Lyman had a sense that Henry was already dead from the war. But never really knew about how his brother felt, all Lyman knew was that Henry was differ... ... middle of paper ... ...boys are happy. When Henry and Lyman are separated by the war, the car is left alone. When Henry comes back from the war Lyman tries to bond again, but when his efforts fail, he destroys the car. Henry wants to remain close and restore his personality, so he spends hours repairing the car.
This makes Victor to be a modern character who only think about himself. Victor did something only if it might help his future and get benefit from something he think it is good. Victor’s father had a savings account that is waiting to be collected, so Victor tried to get his father’s account and he prepared to go to Phoenix, Arizona where father died (Alexie, 21). Money symbolizes Victor’s selfishness and negative feelings. Victor does not think about others, but he only thinks about himself, and has negative thoughts while he lives his life.
Through the stories of these characters, O’Brien wants to ensure that his readers will not go to war. Since O’Brien believes he was “a coward” because he “went to war”, he tries to protect the rest of society by explaining the effects of his bad decision (72). Being a forty-three year old author writing about war decades after his experiences, it is of little concern to O’Brien whether he tells tales solely in line with the facts. He does not want the reader to care whether the stories he weaves actually happened, for he is only writing to “try to save lives with [his] stories” (232). His stories may be made up and his stories just might be complete lies, but the truth is irrelevant.
As adults, though they would often see each other on the reservation, however they would rarely interact. As an opportunity arises, when they arrived to his father’s trailer in Arizona, Victor finally apologizes to Thomas. He adds, “I never told you I was sorry for beating you up that time” (185) and accepts him for who he is.
For Krebs, lying led him to start rejecting his experience in war as being meaningful. “A distaste for everything that had happened to him in the war set in because of the lies he had told” (1). This indicates that Krebs feels he did something worthwhile and meaningful in the war. Krebs goes on to refer to this as “the one thing, the only thing for a man to do, easily and naturally” (1). Hemingway never tells what that one thing was.
Once Pip returned home to repay Joe and Biddy for their reliability, he made a difference in their lives and his own. After Pip had a near-death experience, he reexamined the valuable relationships in his life and admitted his mistakes. Richard has not been successfully redeemed in his private life because he honestly does not care about his family. Richard has clearly explained that he only cares about his public life because he has no intimacy with his family. Private lives are more important than public lives personal relationships are the ones that that truly count.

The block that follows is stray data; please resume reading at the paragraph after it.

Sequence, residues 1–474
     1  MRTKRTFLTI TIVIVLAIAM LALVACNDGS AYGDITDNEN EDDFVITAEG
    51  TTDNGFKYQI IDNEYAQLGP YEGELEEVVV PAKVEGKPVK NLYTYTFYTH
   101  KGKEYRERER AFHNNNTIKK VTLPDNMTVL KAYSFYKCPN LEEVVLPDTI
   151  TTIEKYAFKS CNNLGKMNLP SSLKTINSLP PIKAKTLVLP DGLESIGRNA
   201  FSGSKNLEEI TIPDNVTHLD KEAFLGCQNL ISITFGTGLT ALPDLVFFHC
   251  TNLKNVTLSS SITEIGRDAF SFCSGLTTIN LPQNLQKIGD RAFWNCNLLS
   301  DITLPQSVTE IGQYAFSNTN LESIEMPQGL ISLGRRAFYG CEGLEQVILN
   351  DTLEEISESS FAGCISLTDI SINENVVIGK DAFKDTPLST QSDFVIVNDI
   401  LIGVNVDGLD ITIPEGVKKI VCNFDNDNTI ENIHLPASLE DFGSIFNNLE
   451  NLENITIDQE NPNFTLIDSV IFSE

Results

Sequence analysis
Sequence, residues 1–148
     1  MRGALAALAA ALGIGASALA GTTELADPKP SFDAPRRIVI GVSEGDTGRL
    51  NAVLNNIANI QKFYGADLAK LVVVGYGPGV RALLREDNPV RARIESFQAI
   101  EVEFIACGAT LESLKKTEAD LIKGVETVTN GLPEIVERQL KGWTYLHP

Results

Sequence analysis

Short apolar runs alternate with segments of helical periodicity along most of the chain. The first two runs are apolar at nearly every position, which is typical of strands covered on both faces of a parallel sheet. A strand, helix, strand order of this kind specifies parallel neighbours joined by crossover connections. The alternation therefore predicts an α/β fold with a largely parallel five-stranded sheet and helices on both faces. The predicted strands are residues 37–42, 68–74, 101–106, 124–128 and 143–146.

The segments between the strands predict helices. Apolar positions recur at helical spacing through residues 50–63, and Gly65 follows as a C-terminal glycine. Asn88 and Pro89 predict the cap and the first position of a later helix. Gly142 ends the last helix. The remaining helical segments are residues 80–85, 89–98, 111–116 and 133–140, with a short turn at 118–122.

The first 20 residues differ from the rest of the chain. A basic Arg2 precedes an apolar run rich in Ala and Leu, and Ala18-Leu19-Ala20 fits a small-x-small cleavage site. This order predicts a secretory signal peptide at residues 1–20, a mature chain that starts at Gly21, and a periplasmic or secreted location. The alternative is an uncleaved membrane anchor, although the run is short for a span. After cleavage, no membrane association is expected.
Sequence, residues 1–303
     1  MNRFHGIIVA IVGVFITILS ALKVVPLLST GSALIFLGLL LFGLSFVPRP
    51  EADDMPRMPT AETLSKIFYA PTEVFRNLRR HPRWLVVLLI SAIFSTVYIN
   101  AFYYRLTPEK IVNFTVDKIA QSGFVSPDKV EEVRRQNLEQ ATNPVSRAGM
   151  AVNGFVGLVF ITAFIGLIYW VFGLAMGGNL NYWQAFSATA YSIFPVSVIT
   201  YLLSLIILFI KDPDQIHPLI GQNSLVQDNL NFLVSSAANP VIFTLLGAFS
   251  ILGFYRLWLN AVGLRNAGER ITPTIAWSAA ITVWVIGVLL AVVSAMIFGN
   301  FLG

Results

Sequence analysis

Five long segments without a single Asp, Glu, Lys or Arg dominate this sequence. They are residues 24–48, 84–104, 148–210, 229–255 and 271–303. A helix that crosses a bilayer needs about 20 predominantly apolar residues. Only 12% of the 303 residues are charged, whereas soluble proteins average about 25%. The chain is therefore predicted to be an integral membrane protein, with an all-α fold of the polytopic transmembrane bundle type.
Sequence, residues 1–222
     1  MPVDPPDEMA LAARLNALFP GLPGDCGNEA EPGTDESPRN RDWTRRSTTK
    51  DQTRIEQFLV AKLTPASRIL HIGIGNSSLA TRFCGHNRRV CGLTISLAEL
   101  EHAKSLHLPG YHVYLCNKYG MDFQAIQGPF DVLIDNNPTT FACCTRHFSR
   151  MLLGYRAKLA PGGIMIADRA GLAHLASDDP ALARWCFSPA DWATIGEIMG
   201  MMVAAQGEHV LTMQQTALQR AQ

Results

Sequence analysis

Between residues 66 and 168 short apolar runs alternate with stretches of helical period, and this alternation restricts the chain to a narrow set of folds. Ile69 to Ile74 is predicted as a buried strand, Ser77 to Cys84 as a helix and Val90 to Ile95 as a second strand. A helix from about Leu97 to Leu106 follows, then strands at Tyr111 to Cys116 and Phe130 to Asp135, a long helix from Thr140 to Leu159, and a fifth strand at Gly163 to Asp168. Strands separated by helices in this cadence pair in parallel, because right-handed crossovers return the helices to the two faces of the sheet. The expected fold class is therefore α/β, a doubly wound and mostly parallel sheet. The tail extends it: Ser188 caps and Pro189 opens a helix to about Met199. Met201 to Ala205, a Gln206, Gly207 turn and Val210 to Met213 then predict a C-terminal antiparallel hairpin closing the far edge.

Dear Mark Twain, After reading your famous novel, “The Adventures of Huckleberry Finn,” I don’t feel that the ending you have created is suitable for the book. Throughout the entire novel, Huck is going to all extremes to help out a friend in need, Jim. As a slave, Jim is grateful for having such an honest and open friend like Huck, but it seems as if when he finds out he was free all along, things change. When Jim and Huck found themselves at the end of their journey, neither had anything left to run from because Huck’s dad was dead and Jim found out that Mrs. Watson freed him when she passed away a few months ago and hoped he would soon be with his family. Because of this ending of your choice, we never find out Huck’s true feelings about helping a run away slave besides what we learned earlier in the book.
Victor does not feel any real connection to the Native American Indian ways of life unlike Thomas, who is an obsessive storyteller. Thomas Builds-the-Fire’s name advocates his role on the reservation. Builds-the Fire can be interpreted as starting the stories, since fire needs an outside source to get started, so do the stories that are told. Thomas’ stories served a purpose when he was young, since Victor would ask him to tell his tales, but as he got older, people stopped caring. Even though he was not well respected for his stories by other Native Americans on the reservation, Thomas continued on with his tales.
Although Victor and his father have had many intimate moments and understand each other well, Victor’s father ultimately leaves his son. It is so cruel for a little boy that his father abandoned him, especially for a boy who has so much wonderful memories about his dad. But Victor still misses those good times he had with his father and hopes that his father will return one day. Victor “stood on the porch all night long and imagined his father’s motorcycles and guitars, until the sun rose so bright”( Alexie 331), because he misses his dad, he even makes a dream for himself to imagine his dad is waiting for him outside. It is kind of sad to read these heartbroken details, no one would like to see a little boy disappointed.
As Victor and Thomas approached the door to the trailer Victor says, "I never told you I was sorry for beating you up that one time." B. He does not say he wants them to be best friends again but he is showing how he cares about Thomas' feelings. II. The story about Spokane tells why Thomas goes along on the trip and why he liked Victor's father.